Another Reason DRM is a Bad Idea: Patents
Posted by Ben Zeigler on August 4, 2010
I’ve been pretty critical of game companies using DRM before, but today’s article from Gamasutra points out another reason to stop trying. Uniloc, who is a DRM provider, is suing Activision, Sony, and Aspyr for patent infringement. The patent in question, “System for Software Registration” was filed in 1993 and has been the focus of a large amount of previous litigation. A jury awarded Uniloc $388 million in a suit against Microsoft (currently in appeal) over the exact kind of infringement being discussed. Macromedia (another DRM provider) settled with Uniloc over the same patent. As far as patent law goes, that’s a pretty strong case for it being valid. And considering Uniloc is a company built around intellectual property protection I would not expect them to stop enforcing this patent any time soon.
So, what is actually patented by Uniloc? I’m no patent lawyer so the following should under no circumstances be treated as anything vaguely resembling legal advice. The key seems to be the ability to generate a “digital fingerprint” of a particular machine and use that to authorize a limited number of product activations. It also heavily mentions demo vs. authorized mode (a concept I’m sure I saw in hundreds of shareware products prior to 1993). In broad terms it can be interpreted to apply to any form of DRM/copy protection that provides a unique license unlock that is only valid for one physical machine.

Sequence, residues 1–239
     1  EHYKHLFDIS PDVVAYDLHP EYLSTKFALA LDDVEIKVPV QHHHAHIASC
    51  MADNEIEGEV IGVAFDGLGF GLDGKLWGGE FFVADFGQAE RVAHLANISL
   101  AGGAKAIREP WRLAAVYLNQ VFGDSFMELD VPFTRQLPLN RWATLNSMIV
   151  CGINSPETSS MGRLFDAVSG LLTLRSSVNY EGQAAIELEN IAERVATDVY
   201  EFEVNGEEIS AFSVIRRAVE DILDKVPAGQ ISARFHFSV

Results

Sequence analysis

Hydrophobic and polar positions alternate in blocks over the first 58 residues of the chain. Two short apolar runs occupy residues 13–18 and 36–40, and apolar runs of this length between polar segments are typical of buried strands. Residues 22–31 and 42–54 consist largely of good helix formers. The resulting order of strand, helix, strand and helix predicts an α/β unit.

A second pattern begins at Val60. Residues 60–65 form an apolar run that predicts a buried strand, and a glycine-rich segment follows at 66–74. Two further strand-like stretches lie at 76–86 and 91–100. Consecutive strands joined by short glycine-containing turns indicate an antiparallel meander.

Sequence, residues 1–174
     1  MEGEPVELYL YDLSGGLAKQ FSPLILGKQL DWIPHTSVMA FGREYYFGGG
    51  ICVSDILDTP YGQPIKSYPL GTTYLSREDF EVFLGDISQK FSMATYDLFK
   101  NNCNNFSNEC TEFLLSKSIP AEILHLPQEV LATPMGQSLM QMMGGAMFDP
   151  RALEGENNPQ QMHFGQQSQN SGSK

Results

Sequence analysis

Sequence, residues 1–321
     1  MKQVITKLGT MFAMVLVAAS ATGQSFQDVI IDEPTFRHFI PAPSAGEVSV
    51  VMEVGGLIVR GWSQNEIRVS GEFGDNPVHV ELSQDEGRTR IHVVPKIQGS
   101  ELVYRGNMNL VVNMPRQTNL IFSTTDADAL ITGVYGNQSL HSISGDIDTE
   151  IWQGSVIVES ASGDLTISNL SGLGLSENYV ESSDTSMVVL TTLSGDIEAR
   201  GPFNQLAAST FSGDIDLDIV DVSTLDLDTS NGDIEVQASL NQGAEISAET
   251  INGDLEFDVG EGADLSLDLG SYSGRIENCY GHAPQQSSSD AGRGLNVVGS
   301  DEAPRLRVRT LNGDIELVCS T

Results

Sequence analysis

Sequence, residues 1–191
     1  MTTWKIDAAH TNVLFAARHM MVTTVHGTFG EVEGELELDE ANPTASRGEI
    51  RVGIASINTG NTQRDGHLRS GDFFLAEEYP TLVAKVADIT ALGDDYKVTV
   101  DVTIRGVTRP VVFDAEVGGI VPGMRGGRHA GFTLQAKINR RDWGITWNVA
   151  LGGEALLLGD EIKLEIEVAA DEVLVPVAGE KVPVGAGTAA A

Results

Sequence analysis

Not only is DRM that ties a purchased product to a specific machine actively user hostile (I’ve played my steam games on multiple computers over the years legitimately), it is legally risky. When you add to it how pointless it is, it’s hard to see how a responsible game publisher would consider such DRM to be a good investment.
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